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Werner Herzog films...


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Assuming that you even know who he is, what are your favorite films that he made?

 

I have only seen three so far because they are so rare, but I hope to see much more.

 

Heart of Glass is by far his best, followed by Grizzly Man and Nosferatu - phantom der narch

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'Aguirre, Wrath of God and 'Fitzcarraldo,' both with Klaus Kinski, are obvious choices, but I also like the early experimental films, 'Even Dwarfs Started Small,' 'The Enigma of Kasper Hauser' and 'Fata Morgana.' There are a pair of very affordable box sets featuring his major works available online - highly recommended.

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Werner Herzog films... Assuming that you even know who he is, what are your favorite films that he made?

 

Sure we know who he is! :)Fitzcarraldo is my favorite. I'd love to get ahold of Where the Green Ants Dream...

 

Gonzo said, " I also like the early experimental films, 'Even Dwarfs Started Small'...

 

Wow, seeing Even Dwarfs Started Small was one of my most difficult film experiences ever. I saw it in a packed theatre. I remember sitting dead center in the house and wanting to escape, but it was just so full that it would have been difficult to get out without disturbing a number of people so I endured it. It's been a long time now (though I don't think I'm over the trauma), but as I recall in this movie they crucified a monkey, killed a giraffe, dressed cockroaches in formal wear and performed a wedding ceremony for them... Is this possible, or was it just a bad dream?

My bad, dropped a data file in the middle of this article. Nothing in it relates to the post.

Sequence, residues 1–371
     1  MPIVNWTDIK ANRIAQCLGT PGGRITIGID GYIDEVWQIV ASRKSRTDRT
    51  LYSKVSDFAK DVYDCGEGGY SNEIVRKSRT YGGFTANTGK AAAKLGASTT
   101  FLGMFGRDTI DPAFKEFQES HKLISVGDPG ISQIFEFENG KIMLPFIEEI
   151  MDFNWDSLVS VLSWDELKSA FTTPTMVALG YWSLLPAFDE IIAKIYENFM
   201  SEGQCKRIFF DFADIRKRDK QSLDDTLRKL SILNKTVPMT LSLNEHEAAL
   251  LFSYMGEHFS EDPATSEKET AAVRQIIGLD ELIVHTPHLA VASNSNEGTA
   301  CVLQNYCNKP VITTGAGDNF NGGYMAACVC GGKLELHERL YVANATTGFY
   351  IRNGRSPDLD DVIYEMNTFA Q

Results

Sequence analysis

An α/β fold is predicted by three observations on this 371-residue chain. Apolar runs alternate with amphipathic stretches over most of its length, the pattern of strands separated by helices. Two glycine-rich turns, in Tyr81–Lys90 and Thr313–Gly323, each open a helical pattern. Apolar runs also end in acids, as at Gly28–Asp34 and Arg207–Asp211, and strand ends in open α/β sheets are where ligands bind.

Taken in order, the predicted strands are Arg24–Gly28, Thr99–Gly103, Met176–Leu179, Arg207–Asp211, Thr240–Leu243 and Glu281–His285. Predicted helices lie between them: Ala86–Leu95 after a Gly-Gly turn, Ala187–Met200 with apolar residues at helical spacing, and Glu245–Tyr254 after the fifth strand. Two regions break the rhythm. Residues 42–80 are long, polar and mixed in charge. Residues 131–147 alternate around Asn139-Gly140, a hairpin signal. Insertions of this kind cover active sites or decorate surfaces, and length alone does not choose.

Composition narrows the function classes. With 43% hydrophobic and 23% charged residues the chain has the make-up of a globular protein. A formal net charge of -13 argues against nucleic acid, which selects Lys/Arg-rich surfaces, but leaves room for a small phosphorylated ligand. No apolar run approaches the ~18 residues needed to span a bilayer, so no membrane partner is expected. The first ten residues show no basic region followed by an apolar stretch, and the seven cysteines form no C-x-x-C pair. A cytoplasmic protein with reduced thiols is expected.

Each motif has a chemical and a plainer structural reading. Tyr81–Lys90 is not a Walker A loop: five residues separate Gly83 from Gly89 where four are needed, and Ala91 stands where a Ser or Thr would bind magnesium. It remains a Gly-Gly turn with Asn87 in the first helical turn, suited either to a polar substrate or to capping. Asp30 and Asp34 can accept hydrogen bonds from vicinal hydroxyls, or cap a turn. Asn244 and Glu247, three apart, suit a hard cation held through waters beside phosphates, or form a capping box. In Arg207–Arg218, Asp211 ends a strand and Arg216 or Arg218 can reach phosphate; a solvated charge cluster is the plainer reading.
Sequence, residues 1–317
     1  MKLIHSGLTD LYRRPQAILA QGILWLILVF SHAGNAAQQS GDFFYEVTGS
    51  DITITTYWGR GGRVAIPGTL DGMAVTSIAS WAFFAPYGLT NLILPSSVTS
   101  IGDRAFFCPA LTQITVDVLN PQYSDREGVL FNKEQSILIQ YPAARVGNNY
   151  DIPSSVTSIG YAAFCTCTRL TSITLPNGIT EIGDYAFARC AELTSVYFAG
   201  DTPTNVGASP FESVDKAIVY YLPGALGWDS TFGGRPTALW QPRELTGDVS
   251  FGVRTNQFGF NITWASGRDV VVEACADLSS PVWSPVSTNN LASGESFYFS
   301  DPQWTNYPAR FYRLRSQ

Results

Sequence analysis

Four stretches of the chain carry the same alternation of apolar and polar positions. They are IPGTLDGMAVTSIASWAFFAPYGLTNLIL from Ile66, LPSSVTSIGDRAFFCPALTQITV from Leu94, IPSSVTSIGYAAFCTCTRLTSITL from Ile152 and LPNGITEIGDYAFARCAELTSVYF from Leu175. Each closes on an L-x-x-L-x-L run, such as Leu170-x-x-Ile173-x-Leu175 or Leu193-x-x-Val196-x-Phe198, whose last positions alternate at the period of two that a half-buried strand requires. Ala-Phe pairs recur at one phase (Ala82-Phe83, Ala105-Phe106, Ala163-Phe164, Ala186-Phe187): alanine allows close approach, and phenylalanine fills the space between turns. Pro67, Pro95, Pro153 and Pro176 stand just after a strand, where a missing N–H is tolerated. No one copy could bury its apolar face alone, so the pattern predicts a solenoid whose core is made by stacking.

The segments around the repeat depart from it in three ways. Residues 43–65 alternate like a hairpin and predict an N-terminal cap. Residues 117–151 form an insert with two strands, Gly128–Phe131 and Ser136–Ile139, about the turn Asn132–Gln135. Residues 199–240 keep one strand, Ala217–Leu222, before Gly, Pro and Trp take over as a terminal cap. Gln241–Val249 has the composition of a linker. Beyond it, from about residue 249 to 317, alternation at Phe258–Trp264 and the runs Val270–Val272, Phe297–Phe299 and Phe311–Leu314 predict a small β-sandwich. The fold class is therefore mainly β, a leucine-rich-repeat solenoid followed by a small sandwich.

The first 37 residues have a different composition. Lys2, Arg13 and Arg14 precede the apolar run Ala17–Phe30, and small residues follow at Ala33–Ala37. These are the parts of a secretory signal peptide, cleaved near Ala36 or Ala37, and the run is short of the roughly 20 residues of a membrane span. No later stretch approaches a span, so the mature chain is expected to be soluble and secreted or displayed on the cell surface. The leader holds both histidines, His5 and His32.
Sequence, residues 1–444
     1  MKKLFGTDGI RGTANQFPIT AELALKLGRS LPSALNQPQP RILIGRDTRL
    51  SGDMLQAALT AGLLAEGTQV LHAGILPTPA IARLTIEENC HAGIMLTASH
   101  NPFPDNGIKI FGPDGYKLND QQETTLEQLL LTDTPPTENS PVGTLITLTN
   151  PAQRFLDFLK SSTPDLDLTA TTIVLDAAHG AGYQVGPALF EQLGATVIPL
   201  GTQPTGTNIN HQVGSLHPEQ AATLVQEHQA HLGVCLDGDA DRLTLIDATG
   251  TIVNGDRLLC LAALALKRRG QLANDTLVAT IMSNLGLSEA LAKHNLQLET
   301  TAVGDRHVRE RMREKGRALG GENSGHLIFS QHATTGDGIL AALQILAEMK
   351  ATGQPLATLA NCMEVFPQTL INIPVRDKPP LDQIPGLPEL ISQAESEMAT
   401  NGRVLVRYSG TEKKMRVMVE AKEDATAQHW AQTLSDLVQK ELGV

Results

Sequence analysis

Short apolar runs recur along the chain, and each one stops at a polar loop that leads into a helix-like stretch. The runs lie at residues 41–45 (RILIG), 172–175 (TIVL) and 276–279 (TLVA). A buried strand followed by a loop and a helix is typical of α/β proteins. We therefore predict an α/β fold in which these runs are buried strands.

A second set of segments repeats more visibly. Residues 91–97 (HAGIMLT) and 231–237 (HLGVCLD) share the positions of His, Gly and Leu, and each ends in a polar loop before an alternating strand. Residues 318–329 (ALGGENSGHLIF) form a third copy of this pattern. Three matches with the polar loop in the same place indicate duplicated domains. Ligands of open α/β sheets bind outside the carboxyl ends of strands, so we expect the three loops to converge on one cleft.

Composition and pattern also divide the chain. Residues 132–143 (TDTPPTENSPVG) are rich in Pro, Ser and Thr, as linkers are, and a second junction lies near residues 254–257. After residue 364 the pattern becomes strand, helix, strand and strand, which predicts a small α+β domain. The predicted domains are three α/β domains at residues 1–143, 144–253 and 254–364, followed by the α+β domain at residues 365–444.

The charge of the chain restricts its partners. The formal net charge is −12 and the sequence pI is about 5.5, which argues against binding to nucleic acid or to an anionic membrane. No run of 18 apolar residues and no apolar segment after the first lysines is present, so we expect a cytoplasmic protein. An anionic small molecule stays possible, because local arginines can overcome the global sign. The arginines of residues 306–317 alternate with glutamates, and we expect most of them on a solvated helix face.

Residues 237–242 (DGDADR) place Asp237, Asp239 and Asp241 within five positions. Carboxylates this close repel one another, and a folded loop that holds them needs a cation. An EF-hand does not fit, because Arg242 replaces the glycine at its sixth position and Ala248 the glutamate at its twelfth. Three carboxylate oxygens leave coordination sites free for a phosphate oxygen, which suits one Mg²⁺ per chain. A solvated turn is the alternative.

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Hi Images in Film,

Herzog's movies aren't all that hard to find everywhere. Have you tried your local library system? Even if a neighborhood library doesn't have a film, you can often receive it as an interlibrary loan. My local library can get everything from 1980's Werner Herzog Eats His Shoe to last year's Grizzly Man, which was fascinating.

 

I especially liked Herzog's commentary on the latter film, "Grizzly Man". I originally watched it because of an interest in animals, but soon became intrigued by that legend in his own mind, Timothy Treadwell, as well. I don't think that Herzog could really decide if he thought that Timothy Treadwell was just another burnt out twinkie or a holy fool--but then, given all that time that he spent with Klaus Kinski, Herzog was certainly a more qualified judge than most of us when it came to admiring and/or evaluating eccentrics. In all seriousness, I particularly liked the fact that Herzog had treated Treadwell's unfortunate companion that last summer, Amie Huguenard, with compassion. Unlike alot of contemporary documentarians, he also approached those who were left in the wake of this tragedy with empathy.

 

I saw Aguirre:the Wrath of God, Heart of Glass and Fitzcarraldo in college and was blown away by their intensity and, of course, Klaus Kinski. I don't envy any of the filmmakers who worked with Kinski, however. Thanks for reminding me of Herzog's career-long sojourn into the extremes of life. It may seem trite to call Herzog unique, but that's the only word that seems to fit this singular filmmaker!